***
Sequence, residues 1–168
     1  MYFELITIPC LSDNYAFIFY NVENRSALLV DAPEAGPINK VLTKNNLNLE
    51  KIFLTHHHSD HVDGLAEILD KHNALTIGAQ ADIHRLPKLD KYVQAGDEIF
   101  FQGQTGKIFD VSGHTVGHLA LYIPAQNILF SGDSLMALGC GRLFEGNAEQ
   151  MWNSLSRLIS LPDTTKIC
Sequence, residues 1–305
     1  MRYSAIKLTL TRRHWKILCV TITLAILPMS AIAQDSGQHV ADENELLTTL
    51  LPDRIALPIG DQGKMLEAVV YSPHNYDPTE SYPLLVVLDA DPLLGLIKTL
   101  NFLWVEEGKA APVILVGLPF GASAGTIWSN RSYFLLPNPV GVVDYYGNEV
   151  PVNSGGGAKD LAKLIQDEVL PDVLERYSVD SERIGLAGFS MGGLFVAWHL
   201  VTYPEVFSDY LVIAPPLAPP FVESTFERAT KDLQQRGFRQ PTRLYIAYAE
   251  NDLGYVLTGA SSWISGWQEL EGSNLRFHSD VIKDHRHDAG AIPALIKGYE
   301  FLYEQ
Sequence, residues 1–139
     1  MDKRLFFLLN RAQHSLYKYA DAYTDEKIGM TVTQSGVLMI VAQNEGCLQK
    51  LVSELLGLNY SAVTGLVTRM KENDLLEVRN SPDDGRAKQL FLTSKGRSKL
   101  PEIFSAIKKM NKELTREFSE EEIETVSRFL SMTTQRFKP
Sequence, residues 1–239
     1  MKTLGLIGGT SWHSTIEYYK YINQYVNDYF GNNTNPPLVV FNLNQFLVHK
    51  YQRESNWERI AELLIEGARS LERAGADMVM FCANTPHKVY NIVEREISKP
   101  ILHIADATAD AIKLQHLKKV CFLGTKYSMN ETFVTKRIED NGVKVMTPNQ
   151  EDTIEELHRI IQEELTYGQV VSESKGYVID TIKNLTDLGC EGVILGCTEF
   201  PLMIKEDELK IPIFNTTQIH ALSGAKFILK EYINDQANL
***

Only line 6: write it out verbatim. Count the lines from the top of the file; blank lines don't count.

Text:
Sequence, residues 1–305